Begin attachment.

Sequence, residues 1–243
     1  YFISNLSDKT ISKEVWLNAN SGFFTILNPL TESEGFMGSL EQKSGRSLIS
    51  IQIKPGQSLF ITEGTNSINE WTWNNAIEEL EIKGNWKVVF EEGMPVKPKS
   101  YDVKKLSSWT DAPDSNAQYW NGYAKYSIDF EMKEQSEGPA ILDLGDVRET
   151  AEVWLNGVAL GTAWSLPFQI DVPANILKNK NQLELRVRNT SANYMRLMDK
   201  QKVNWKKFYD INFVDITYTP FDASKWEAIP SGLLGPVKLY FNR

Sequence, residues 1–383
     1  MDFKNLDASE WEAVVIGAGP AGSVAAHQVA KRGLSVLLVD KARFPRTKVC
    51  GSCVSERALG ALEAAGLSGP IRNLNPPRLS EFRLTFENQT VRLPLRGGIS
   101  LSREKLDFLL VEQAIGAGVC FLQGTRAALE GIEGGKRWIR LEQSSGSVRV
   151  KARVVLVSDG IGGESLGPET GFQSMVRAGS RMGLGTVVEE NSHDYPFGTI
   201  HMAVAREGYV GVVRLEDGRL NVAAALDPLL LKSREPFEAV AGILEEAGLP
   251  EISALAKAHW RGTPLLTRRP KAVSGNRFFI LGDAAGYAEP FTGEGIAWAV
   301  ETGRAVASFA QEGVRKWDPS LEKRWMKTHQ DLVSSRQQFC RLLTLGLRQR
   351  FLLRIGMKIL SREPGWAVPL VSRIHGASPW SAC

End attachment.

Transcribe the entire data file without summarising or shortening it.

Sequence, residues 1–243
     1  YFISNLSDKT ISKEVWLNAN SGFFTILNPL TESEGFMGSL EQKSGRSLIS
    51  IQIKPGQSLF ITEGTNSINE WTWNNAIEEL EIKGNWKVVF EEGMPVKPKS
   101  YDVKKLSSWT DAPDSNAQYW NGYAKYSIDF EMKEQSEGPA ILDLGDVRET
   151  AEVWLNGVAL GTAWSLPFQI DVPANILKNK NQLELRVRNT SANYMRLMDK
   201  QKVNWKKFYD INFVDITYTP FDASKWEAIP SGLLGPVKLY FNR

Sequence, residues 1–383
     1  MDFKNLDASE WEAVVIGAGP AGSVAAHQVA KRGLSVLLVD KARFPRTKVC
    51  GSCVSERALG ALEAAGLSGP IRNLNPPRLS EFRLTFENQT VRLPLRGGIS
   101  LSREKLDFLL VEQAIGAGVC FLQGTRAALE GIEGGKRWIR LEQSSGSVRV
   151  KARVVLVSDG IGGESLGPET GFQSMVRAGS RMGLGTVVEE NSHDYPFGTI
   201  HMAVAREGYV GVVRLEDGRL NVAAALDPLL LKSREPFEAV AGILEEAGLP
   251  EISALAKAHW RGTPLLTRRP KAVSGNRFFI LGDAAGYAEP FTGEGIAWAV
   301  ETGRAVASFA QEGVRKWDPS LEKRWMKTHQ DLVSSRQQFC RLLTLGLRQR
   351  FLLRIGMKIL SREPGWAVPL VSRIHGASPW SAC